Chromosomal abnormalities in infertile men and preimplantation embryos
|PhD ceremony:||Ms E.C. (Elsbeth) Dul|
|When:||May 13, 2015|
|Supervisors:||Prof. J.A. Land, prof. dr. C.M.A. (Conny M.A.) van Ravenswaaij-Arts|
|Co-supervisor:||Prof. J. van Echten-Arends|
|Where:||Academy building RUG|
|Faculty:||Medical Sciences / UMCG|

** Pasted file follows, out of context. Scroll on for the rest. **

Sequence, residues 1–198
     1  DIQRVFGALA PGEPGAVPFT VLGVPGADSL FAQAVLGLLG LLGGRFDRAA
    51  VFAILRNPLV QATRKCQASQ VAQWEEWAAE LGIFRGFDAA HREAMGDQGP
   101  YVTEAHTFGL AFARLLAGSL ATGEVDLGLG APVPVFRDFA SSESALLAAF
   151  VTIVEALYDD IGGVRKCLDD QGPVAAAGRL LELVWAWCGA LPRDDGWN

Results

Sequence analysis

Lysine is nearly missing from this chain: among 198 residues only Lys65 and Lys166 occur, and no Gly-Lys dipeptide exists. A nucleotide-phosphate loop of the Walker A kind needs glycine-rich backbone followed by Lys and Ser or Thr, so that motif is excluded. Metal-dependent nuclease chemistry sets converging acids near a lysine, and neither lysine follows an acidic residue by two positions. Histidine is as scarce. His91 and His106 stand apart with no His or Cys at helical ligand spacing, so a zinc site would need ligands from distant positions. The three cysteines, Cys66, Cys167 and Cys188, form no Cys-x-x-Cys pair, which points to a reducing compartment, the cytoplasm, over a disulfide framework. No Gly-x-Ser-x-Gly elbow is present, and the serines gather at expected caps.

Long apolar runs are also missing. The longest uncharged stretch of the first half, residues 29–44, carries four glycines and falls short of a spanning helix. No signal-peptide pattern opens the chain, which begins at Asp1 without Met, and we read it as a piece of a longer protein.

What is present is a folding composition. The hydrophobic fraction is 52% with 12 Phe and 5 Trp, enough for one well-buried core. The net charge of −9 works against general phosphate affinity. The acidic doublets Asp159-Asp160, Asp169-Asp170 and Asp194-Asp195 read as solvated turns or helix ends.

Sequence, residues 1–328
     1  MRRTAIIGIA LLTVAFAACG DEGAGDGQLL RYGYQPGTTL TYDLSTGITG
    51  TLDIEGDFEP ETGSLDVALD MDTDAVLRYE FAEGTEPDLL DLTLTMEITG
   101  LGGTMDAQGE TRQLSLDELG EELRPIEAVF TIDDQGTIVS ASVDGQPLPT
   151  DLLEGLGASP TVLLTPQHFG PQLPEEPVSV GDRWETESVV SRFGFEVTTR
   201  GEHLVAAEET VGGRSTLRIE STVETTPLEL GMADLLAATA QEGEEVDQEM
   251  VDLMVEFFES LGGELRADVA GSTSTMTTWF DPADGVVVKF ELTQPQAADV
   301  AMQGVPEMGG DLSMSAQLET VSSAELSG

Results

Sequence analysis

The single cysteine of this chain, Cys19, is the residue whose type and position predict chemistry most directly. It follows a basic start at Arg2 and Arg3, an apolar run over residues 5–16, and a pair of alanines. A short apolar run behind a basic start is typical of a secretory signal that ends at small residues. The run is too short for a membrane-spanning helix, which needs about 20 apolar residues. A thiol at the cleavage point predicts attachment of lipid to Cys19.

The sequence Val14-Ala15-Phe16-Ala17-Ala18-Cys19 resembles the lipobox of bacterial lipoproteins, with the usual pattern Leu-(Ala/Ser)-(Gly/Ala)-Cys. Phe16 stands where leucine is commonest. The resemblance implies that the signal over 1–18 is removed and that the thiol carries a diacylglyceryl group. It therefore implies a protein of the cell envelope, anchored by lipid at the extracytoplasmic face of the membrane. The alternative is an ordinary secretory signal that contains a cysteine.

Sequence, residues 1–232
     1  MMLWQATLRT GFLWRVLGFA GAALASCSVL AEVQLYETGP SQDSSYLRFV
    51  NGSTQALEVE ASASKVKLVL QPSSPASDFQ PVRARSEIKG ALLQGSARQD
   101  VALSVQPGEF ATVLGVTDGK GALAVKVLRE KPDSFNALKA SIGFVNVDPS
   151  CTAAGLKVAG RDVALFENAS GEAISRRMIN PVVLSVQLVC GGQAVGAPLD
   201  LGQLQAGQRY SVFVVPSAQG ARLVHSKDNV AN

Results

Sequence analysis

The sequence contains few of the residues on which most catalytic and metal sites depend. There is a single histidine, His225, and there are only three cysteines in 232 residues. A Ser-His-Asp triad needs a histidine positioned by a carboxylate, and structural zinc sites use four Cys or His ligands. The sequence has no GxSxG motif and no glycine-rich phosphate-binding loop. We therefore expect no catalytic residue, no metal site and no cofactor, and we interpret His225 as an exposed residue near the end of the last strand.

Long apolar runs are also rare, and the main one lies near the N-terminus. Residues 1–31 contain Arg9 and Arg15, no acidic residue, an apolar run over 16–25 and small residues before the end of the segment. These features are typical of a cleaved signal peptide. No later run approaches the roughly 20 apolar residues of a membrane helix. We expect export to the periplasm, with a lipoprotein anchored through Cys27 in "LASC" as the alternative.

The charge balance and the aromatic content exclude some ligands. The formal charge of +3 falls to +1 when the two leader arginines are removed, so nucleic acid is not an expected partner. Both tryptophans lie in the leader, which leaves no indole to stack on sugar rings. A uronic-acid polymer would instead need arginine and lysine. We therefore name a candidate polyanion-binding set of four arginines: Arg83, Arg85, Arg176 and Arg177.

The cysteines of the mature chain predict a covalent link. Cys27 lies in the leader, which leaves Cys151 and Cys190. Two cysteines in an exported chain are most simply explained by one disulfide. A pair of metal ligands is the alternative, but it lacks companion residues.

Since 1979, studies have stated that the prevalence of chromosomal abnormalities increases with decreasing sperm quality. In 1992 it became possible to conceive a pregnancy with sperm from infertile men using IVF-ICSI. This raised concerns of an increased number of children born with congenital anomalies. The national guideline issued that a chromosomal analysis was a prerequisite in all men eligible for ICSI. The number of chromosomal abnormalities found in these men was relatively low, while a chromosomal analysis is costly and time-consuming. We studied which subgroup of infertile men carried the highest risk of chromosomal abnormalities, and in which men one can refrain from performing a chromosomal analysis.Preimplantation genetic diagnosis (PGD) is used in couples with an increased risk of an embryo with a genetic abnormality. Only non-afflicted embryos are used to conceive a pregnancy. The analysis is performed on 1 cell of the embryo, presuming that all cells in the embryo have the same genetic make-up. This is not the case in chromosomal mosaicism. There are indications that this phenomenon is influenced by the environmental conditions during embryo culture. We studied whether the rate of mosaicism was influenced by the oxygen concentration during embryo culture.In carriers of a specific type of chromosomal abnormalities, so-called reciprocal translocations, the chance of embryos with an abnormal chromosomal make-up is strikingly high. We studied whether cytogenetic characteristics of these translocations could predict a couple’s chance of a successful PGD-procedure.